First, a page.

A comprehensive review of the research and philosophy surrounding this question is beyond the scope of an online blog. But what I have here is enough to establish a few important points:
  1. The mind definitely influences what happens to the body, whether we mean risk for illness or hope for recovery and cure.
  2. We don't really understand how this works or what its limits are.
  3. Assigning blame to an ill person because of these facts is both unkind and a failure to admit how little we know about consciousness and its influence on health.
It's possible that thought itself may be less controllable than we believe. We are taught that there is the world of the body and the world of the mind. So we have medicine and biology to address the former, and psychology and theology to address the latter. This dualism is, I believe, a fundamental failure of today's medical philosophy.

In homeopathic medicine, the state of imbalance of the "vital force" described by homeopaths itself leads to behavioral abnormalities and disturbances. In short, "mental" illness is both material and energetic and not fully amenable to "self" control. Interestingly this squares with the work of today's neuroscientists, who postulate that those things we believe are our "thoughts" that are under our "control" themselves arise before we could possibly "think" of them. In other words, brain science suggests that volition is illusory: we have a thought before we think we thought the thought!

In nursing science, the late Martha Rogers argued that there was no separation between the body and the mind, that they are co-located in a perceivable body, but also extensive beyond the border defined by the body itself. Nurse researcher Elizabeth Barrett writes about the "simultaneity model" of human existence (and one could ask, of all life forms?) in that what we think, and what we are, materially, in the world, are inseparable, and that a full understanding of human health and disease will elude us until we reconcile ourselves with this fact.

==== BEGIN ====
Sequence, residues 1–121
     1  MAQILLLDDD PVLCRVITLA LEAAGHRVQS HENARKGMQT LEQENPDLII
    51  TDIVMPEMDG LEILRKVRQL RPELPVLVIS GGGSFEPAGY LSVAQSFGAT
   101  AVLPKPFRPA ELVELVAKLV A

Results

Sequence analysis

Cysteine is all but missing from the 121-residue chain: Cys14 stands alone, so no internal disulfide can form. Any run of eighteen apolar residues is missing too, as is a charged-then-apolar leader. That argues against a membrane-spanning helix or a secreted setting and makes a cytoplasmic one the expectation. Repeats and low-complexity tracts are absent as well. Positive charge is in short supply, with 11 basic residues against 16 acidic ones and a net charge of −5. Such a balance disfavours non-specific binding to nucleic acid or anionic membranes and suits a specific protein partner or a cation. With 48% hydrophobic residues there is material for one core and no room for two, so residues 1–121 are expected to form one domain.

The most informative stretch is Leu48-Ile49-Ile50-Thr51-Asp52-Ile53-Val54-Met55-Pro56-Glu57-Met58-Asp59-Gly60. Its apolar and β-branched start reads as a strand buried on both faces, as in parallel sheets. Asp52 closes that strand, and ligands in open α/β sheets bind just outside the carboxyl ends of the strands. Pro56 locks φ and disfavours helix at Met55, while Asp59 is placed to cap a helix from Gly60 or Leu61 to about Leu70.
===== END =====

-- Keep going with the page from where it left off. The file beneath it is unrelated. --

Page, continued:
Of course, that makes ordinary medical treatment of our day to day sufferings in The Factory problematic. It also makes our social construction of health and illness difficult for ordinary people to navigate. To say someone "bravely fought" against cancer (and lost), as I read often in the local obituaries could say they didn't "fight" hard enough, or that their aim was untrue, or that they harbored a hidden death wish. But to say that their will doesn't (or didn't) matter seems to contradict our observations and a growing body of scientific research that that suggests it does matter.

How do we understand that? How do we unlock its potential? And how do we do so without condemning those who get sick to guilt and those who do die to posthumous humiliation?

I'll write about this more in upcoming blogs. Happy new year.